“It was a thrill to be there,” Bordman said. “It was the first All-Star Game I had ever seen, and a lot of people here hadn’t seen one. In those days, the American League and National League were bigger rivals because they didn’t play each other during the regular season.”
In fact, in the pre-interleague days, the National League took the All-Star Game so seriously that league president Warren Giles would visit the clubhouse for a pregame pep talk.
“He said, ‘We’re going to win this game … give it all you got,’ ” Banks said of Giles. “He said, ‘We’re going to prove to them we’re the National League, we’re the best, and you get out there and do it.’ ”
Of the 60 players selected for the game, 17 were future Hall of Famers, including National Leaguers Willie Mays – who had a single, double and triple – Henry Aaron, Roberto Clemente, Bill Mazeroski, Eddie Mathews and Banks; and American Leaguers Mickey Mantle, Brooks Robinson and Yogi Berra.
The biggest pregame ovations, however, were reserved for longtime All-Star Stan Musial of the St. Louis Cardinals, who delivered a pinch-hit single to extend his record for most All-Star hits, with 18; and Ted Williams of the Boston Red Sox, who also appeared as a pinch hitter.
The National League jumped to a 5-0 lead after three innings and left the bulk of the pitching to Pittsburgh’s Bob Friend, Roy Face and Vern Law. Friend worked the first three scoreless innings, allowing just one hit, and when the American League broke through with a run in the sixth, Face ended a threat by getting Luis Aparicio to ground into a double play.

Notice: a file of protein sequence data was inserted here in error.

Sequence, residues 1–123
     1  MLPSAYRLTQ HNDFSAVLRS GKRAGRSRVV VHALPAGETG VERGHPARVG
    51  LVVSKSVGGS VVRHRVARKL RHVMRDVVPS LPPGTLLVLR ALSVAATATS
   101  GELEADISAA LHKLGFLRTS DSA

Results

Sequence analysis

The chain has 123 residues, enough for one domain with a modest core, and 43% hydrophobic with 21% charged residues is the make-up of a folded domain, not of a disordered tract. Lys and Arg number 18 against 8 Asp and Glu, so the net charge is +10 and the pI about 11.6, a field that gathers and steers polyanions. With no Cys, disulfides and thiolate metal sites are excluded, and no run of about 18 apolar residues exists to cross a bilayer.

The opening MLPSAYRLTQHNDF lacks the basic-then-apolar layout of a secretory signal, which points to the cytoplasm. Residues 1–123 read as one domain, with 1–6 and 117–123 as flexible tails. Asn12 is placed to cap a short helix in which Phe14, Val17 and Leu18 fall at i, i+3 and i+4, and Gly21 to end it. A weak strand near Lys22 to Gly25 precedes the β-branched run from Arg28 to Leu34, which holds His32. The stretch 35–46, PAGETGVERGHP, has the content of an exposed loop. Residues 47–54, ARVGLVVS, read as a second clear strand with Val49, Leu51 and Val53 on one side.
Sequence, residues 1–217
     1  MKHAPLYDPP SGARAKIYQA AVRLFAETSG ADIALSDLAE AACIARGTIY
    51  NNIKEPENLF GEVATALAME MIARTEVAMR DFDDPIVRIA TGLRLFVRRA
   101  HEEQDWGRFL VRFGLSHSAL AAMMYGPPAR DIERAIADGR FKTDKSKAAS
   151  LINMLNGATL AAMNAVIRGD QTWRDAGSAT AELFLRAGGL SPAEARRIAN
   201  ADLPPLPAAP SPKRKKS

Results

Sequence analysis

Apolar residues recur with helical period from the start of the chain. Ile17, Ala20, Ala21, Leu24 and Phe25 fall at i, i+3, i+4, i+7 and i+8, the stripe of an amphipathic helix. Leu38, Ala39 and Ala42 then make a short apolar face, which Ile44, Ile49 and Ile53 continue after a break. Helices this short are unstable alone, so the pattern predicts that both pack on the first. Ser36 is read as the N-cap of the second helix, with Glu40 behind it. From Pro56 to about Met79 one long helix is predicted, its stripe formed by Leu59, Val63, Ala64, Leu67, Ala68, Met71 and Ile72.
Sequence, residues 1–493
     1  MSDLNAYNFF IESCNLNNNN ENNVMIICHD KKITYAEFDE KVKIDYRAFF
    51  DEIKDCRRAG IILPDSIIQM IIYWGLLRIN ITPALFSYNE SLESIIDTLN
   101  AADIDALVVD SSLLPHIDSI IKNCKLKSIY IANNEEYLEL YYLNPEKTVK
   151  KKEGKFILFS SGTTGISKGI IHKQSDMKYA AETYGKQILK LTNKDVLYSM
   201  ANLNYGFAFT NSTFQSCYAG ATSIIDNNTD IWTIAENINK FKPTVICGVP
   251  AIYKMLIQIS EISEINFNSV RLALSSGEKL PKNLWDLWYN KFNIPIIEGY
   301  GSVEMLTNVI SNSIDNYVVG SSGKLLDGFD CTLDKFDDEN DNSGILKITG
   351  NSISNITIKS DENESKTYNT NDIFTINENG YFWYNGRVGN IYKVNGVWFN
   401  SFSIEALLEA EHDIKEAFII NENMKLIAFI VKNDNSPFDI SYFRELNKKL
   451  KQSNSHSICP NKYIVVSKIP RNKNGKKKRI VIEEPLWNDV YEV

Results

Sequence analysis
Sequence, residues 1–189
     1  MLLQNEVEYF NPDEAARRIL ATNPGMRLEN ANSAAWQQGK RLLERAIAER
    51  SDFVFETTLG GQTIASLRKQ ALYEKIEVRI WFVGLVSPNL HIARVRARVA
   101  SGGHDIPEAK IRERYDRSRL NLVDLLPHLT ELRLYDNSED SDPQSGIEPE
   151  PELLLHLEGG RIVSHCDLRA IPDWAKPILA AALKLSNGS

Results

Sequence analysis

After the American League drew to within two runs at 5-3 on Al Kaline’s two-run homer, Law, the eventual Cy Young Award winner for the pennant-winning Pirates, got the final two outs and the save — 48 hours before he would start the game in New York, a 6-0 National League win.
Kansas City’s lone representative to the game, pitcher Bud Daley, had pitched on Sunday. With a 12-4 record at the break for a lowly 29-48 team, he could either start the Wednesday game in New York or pitch the ninth inning in Kansas City.
He chose Kansas City.
“One of the great thrills I ever had in baseball was that game,” said Daley, who’s now retired in Wyoming, “because the bullpen was in center field in old Municipal Stadium, and when I opened that gate and started walking toward the mound, I got a standing ovation all the way.
“It was one of those days when we had a full house – and it was one of the greatest thrills I ever had.”
Daley struck out Vada Pinson and Orlando Cepeda before walking Ken Boyer. Daley made a throwing error trying to pick off Boyer but got Clemente on a hard liner to left.
It was Daley’s second All-Star appearance in two years. Daley, a 16-game winner in both 1959 and 1960 for the downtrodden Athletics, retired both batters he faced in the 1959 All-Star Game in Pittsburgh, including a strikeout of Banks.
“The year before in Pittsburgh, I felt like, ‘Gee, here I am with all these guys, I don’t know whether I should be here or not,’ ” Daley said. “The next year, when I had the 12 wins at the break, I felt, ‘Yeah, I should be here,’ and I was fortunate enough to be there.”
Daley, like most good Kansas City players at the time, eventually wound up with the Yankees and appeared in three World Series games in 1961 and ‘62, winning the final game of the 1961 Series.
But even that wasn’t as satisfying as the stroll to the mound and appearance in the 1960 All-Star Game.
“Because,” Daley said, “Kansas City was my favorite town I played in.”